Stay persistent

I can’t really give any stats on this, but can go by my own observations and empirical evidence accumulated over time. In that regard, it seems to me that a trait of those who can really succeed is the ability to be persistent. This means keeping focused on a goal and being able to keep on going despite obstacles and frustration.

Be adaptable

Given that things seem to be changing at a faster rate it would seem to be a good idea to be adaptable. I’ve seen reorganizations in the workplace, layoffs, and many other examples of how things can often be fluid. Since change is a constant, we might as well try to be good at embracing it! Admittedly, this is something that is a work in progress for me, and I know there are people better at this, but working on it I sure am.

Network

As far as networking is concerned, what I mean is that it can be very helpful to regularly do so. Again, this wasn’t something that came naturally to me but I’ve learned to embrace it by trying to think of ways to give and help without expecting anything back. Ultimately, it indirectly helps (though not the explicit intention), as opportunities are often presented to those we know or to whom someone we know can recommend.  There is much to respect about having a strong professional network.

Maintain an entrepreneurial mindset

People have jobs in many cases because their work is needed in order to make money for the organization or to save it money. Keeping that in mind, if we demonstrate that we can improve the bottom line, it can make us more essential and valued. Plus, for those who take it to the next step, they could have a side hustle to diversify and even supercharge income.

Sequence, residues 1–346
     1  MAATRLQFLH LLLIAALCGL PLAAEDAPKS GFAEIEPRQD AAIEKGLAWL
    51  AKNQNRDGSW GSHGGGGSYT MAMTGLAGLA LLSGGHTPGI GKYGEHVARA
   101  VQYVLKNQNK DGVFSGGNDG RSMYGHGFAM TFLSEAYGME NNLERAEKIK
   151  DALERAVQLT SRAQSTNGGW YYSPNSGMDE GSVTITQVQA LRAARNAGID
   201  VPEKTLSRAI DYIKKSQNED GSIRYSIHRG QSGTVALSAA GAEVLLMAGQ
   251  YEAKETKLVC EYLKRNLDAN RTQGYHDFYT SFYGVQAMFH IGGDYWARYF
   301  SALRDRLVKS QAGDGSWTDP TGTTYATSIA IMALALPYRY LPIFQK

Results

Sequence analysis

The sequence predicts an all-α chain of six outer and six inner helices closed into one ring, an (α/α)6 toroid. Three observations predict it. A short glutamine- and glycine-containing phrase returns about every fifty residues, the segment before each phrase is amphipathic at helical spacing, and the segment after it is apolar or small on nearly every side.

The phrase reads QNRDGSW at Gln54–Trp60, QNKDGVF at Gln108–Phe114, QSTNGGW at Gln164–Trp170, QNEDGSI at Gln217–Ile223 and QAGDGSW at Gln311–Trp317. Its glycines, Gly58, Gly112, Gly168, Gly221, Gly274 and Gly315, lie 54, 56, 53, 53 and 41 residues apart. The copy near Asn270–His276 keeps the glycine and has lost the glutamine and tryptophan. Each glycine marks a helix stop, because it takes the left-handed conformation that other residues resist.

Don’t rest on your laurels

I’m sure we’ve all seen this concept in play. What comes to mind for me are companies or communities that might have had great success in the past but then got a little bit too comfortable. It seems like to progress we probably want to keep our “edge” and always think forward.

Stay healthy

Do you think that this should have been at the top of the list? I can see how this might be the most important thing we can do. If we can’t stay healthy and have to deal with medical issues, we might not be able to stay in the game. Not only is keeping away from major ailments critical, but it’s also important to make the right decisions each day. I don’t know about you, but I tend to work so much better and more productively when I take care of myself. This means getting a good night of sleep each night, and I’m convinced that there is some correlation between sleep and wealth. Also, at least for me, eating the right food helps productivity.

My Questions for You

What do you think of these ways to improve earning power?

Do you focus on any of these in particular?

Do you have any others to add?

Drawing the Line: Monetizing via Tattoos

tattoos as advertisementsCreative solutions and novel ways to make money are often things I respect.  At the very least, I’m interested in learning about how people come up with different ideas to get ahead.  Innovation brings progress, and sometimes new revenue streams!

I just came across an article on Yahoo that caught my attention for those reasons.  The concept is that people can use their own skin as advertising platforms.  Yes, that’s right: tattoos as advertisements.